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Old 10-10-2017, 06:43 PM
 
Location: Downtown Phoenix, AZ
18,919 posts, read 6,850,118 times
Reputation: 5841

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Quote:
Originally Posted by BadgerFilms View Post
Well that doesn't make sense because Miami's record low is 27 and coconuts grow like weeds. In fact Miami reaches 44 almost every year as a guarantee. Something else must be messing with the fruits down there.
Miami's averages are higher than Hamilton's year round, that offsets the lower record low. And when was the last time that the official station dropped below freezing anyways? 50 years ago? 100 years ago?
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Old 10-10-2017, 07:39 PM
 
Location: Lil Rhodey
679 posts, read 463,183 times
Reputation: 938
Quote:
Originally Posted by That_One_Guy View Post
Ugh, I love Summer weather but this heat through all of September and October is just exhausting. Iím over it. Yesterday was 80 degrees and 98% humidity in NY. Today is even warmer but less humid and muggy at least. I took my A/C unit out of my window about a week or 2 ago and that was a huge mistake.
Same here in Providence. Thankfully I still have my ac in my bedroom.... gonna leave it in a little longer because it's going to warm up again
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Old 10-10-2017, 11:03 PM
 
Location: Minneapolis, MN
6,053 posts, read 3,379,100 times
Reputation: 7690
Quote:
Originally Posted by FirebirdCamaro1220 View Post
Miami's averages are higher than Hamilton's year round, that offsets the lower record low. And when was the last time that the official station dropped below freezing anyways? 50 years ago? 100 years ago?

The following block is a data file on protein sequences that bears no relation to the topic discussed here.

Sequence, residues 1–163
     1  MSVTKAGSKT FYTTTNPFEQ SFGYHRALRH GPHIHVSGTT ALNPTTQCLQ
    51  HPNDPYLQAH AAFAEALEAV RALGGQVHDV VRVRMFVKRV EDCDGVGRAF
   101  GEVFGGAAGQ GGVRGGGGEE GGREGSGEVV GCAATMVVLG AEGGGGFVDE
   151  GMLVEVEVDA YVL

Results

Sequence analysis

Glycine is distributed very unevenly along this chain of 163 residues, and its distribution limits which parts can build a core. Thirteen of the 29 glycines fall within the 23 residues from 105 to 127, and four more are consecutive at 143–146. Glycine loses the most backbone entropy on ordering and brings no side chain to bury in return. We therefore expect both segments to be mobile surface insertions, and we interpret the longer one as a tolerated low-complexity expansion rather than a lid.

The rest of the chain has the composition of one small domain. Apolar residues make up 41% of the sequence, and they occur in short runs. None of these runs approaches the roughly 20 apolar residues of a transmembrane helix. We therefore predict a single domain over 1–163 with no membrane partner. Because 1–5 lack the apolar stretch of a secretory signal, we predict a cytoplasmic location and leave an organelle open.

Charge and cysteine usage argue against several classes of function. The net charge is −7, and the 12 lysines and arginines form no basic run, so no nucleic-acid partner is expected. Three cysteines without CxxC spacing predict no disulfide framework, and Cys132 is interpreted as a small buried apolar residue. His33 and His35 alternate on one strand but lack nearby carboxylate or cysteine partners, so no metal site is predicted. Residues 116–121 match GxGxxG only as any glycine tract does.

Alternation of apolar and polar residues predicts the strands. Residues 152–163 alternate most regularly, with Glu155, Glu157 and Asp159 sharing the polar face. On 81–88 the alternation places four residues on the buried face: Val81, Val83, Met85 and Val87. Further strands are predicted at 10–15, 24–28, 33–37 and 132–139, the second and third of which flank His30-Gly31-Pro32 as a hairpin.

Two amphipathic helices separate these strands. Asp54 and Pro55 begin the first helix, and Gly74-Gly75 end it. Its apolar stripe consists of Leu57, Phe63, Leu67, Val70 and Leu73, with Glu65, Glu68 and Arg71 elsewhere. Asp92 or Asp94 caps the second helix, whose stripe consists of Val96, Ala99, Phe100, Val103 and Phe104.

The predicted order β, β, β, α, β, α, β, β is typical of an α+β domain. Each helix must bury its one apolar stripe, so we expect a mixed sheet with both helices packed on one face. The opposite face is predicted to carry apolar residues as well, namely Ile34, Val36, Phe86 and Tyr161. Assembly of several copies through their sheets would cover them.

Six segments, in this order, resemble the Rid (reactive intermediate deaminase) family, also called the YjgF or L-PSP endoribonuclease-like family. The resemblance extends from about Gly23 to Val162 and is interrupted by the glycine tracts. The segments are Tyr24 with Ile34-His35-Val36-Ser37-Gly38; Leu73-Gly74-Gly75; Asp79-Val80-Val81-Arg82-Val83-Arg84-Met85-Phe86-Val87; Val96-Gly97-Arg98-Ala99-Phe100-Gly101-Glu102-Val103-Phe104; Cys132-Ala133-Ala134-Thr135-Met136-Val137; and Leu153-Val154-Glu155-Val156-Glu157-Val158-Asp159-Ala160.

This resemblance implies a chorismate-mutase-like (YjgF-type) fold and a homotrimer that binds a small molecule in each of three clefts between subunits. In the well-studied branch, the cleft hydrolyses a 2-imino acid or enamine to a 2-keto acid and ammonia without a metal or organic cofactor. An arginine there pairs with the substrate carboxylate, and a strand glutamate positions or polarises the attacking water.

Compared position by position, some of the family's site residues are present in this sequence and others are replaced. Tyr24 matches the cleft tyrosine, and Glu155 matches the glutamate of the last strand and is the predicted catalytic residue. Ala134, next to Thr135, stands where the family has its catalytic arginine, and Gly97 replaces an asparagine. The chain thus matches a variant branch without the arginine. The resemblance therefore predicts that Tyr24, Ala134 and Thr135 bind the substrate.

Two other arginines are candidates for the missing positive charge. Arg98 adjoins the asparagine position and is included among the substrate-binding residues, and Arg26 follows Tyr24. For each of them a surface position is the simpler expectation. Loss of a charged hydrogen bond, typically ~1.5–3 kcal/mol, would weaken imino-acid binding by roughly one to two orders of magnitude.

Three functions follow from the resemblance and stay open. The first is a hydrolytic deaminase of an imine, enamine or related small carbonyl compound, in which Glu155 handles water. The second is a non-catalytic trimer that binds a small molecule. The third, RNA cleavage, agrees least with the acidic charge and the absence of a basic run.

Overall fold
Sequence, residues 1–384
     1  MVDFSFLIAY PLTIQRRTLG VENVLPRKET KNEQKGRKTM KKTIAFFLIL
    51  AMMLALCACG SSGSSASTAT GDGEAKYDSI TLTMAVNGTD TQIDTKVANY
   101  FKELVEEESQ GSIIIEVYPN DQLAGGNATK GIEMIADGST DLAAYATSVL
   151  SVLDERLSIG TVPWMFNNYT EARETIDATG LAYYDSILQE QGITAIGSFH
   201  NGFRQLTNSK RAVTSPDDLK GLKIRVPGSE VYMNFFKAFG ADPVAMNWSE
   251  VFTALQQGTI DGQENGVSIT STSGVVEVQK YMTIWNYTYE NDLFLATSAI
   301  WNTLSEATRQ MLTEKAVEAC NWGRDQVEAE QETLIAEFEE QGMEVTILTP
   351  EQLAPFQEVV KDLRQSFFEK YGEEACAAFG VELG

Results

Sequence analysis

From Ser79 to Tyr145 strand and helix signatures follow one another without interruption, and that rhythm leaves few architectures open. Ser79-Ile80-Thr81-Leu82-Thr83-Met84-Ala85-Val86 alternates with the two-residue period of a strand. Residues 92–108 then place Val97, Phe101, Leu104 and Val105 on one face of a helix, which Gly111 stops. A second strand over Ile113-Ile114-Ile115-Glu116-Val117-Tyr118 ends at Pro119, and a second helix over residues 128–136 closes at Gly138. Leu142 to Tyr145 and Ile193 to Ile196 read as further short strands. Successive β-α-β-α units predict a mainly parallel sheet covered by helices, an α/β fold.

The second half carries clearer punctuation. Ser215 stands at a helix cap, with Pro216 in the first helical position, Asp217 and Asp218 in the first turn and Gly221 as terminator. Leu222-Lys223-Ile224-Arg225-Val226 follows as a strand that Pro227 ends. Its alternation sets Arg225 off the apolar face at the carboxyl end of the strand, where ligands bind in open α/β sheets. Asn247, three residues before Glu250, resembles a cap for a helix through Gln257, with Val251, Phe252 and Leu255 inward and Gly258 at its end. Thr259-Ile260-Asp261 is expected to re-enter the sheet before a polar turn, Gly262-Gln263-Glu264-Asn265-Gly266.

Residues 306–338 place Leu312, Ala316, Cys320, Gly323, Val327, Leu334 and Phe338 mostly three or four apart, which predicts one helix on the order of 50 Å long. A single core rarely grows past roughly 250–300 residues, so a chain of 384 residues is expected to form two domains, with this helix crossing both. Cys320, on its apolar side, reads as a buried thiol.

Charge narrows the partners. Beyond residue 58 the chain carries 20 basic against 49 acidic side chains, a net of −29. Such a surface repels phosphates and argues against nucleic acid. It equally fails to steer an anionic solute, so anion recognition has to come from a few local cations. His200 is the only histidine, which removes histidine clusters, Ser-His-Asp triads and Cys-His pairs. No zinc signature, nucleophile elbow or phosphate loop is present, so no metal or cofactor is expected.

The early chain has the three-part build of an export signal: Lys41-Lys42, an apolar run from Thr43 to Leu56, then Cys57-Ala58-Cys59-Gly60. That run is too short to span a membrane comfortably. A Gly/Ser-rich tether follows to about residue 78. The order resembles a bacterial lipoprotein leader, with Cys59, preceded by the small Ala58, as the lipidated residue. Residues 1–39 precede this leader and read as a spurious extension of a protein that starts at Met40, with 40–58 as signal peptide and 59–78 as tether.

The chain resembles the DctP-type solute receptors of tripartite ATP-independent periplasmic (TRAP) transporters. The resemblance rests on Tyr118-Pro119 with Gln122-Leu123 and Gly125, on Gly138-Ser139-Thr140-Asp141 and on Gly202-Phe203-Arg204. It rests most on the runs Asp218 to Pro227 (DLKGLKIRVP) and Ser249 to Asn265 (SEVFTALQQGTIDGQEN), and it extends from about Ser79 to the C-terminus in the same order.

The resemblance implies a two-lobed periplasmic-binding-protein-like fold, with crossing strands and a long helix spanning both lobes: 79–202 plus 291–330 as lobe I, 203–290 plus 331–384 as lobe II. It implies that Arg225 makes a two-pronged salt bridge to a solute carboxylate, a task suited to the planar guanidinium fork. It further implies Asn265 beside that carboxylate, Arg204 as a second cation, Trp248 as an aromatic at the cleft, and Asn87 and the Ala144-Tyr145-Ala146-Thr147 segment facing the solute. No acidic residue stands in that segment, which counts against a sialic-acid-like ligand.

Try 7 years ago. We had freezes and frosts in January and December 2010. Also freeze in 1989 I believe. It's rare but not a half a century thing. We also had snow in 1977 and reports of flurries in 2010. 1977 wasn't even 50 years ago.
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Old 10-10-2017, 11:10 PM
 
Location: South Padre Island, TX
2,452 posts, read 1,277,997 times
Reputation: 1386
Quote:
Originally Posted by BadgerFilms View Post
Lol okay. Coconuts will cure everything! -.- I am from Miami which grows coconuts and has the climate you describe. Guess what? We still have obesity and diabetes down there and contrary to your own popular belief, coconut is not a big part of the average diet in South Florida. Also South Florida still can get tornadoes and hail. And I would take tornadoes and ice storms way before hurricanes anyway.
Obesity rates in your former state are by far the lowest out of all the Southern states. In fact, rates are even lower than those of Washington and Oregon, two very hardcore granola outdoorsy liberal states. And it's pretty clear why; minimization of freezes allows maximal display of what a humid climate giveth. This presents not only in the form of ability to cultivate many tender crops that are good for the body, but also sustenance of water warmth for year-round recreation, and the many hot stars and models that flock there wanting to be part of that: